Falcon 9 rocket space debris: Falcon 9 rocket with four astronauts on board narrowly misses space debris: SpaceX’s Falcon-9 rocket avoided hitting space debris on its way to the International Space Station

SpaceX’s Falcon-9 rocket carrying four astronauts to the International Space Station narrowly escaped the debris. If space debris had hit this rocket, it could have caused hardship to the lives of four passengers on board. However, US Space Command spokesman Lt. Col. Erin Dick claimed that the warning sent by the Falcon-9 rocket against the wreckage was incorrect. He said there was no such object, which might hit the capsule.

Warning given 7 hours after the flight
The Falcon-9 rocket alert came about seven hours after four astronauts aboard the SpaceX crew’s dragon mission flew from Cape Canaveral. Mission control informed the system that an unknown object was in the way of the rocket. After which SpaceX’s Sarah Giles told the astronauts that we had identified a possible fragment a short distance from the crew’s dragon capsule. For this you must all immediately put on your spacesuit and sit securely in the seat.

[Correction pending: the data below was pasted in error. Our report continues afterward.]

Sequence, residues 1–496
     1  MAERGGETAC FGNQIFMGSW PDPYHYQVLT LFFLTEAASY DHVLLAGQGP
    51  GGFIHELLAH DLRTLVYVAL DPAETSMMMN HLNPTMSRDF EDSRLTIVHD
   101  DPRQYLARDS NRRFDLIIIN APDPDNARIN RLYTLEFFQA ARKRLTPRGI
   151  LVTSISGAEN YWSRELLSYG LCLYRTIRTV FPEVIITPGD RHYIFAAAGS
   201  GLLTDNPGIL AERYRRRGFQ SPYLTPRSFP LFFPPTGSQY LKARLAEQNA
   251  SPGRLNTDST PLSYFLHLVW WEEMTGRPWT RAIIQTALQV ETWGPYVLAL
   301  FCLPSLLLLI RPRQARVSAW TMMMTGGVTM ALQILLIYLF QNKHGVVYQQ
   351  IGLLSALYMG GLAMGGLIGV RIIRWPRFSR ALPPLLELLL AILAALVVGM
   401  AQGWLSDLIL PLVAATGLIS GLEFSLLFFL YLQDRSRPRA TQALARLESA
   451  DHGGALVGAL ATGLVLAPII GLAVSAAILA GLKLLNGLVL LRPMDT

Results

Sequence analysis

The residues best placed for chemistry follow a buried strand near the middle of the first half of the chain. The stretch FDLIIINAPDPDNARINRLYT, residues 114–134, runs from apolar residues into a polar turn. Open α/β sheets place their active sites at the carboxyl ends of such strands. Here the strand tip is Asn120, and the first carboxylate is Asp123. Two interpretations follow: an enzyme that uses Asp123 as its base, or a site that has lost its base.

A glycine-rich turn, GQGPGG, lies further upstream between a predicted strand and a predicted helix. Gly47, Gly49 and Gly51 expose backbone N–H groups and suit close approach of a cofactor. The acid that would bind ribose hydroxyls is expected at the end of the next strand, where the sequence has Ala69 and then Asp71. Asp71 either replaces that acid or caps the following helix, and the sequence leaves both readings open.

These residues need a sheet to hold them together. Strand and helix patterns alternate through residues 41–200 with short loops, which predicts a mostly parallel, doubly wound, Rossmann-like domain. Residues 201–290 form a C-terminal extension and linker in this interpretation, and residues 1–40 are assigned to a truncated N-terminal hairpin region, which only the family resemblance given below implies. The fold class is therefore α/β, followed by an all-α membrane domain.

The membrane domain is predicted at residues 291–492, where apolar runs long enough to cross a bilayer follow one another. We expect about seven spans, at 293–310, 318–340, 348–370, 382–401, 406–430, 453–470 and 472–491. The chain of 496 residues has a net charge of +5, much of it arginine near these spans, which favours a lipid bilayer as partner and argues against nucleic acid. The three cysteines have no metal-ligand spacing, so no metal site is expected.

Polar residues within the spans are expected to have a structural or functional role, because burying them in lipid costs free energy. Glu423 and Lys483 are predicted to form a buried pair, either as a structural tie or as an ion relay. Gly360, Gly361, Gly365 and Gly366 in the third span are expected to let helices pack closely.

Astronauts were advised to wear space suits
After receiving the alert message, the astronauts immediately sat down in their seats, dressed in a spacesuit. This alert was reported 20 minutes before the possible collision. They were told that the collision could reduce the air pressure inside the capsule. European Space Agency Crew 2 astronaut Thomas Peskett confirmed the message to Sarah Giles and confirmed his own preparations.

NASA captured the entire event live
US space agency NASA captured the event in its livestream. In which an object appears at a distance during the second stage of SpaceX’s Falcon-9 rocket. This unknown object was initially considered a threat to SpaceX astronauts, but NASA later reported that this space debris had moved 48 km away from the rocket in a short time.

The capsule landed in the Indian Ocean
The SpaceX capsule, carrying four astronauts, arrived at the space station on Saturday, a day after launching from NASA’s Kennedy Space Center. After which the capsule itself landed at a distance of 418 km from the designated outpost in the Indian Ocean. There has been no response from SpaceX regarding this report.

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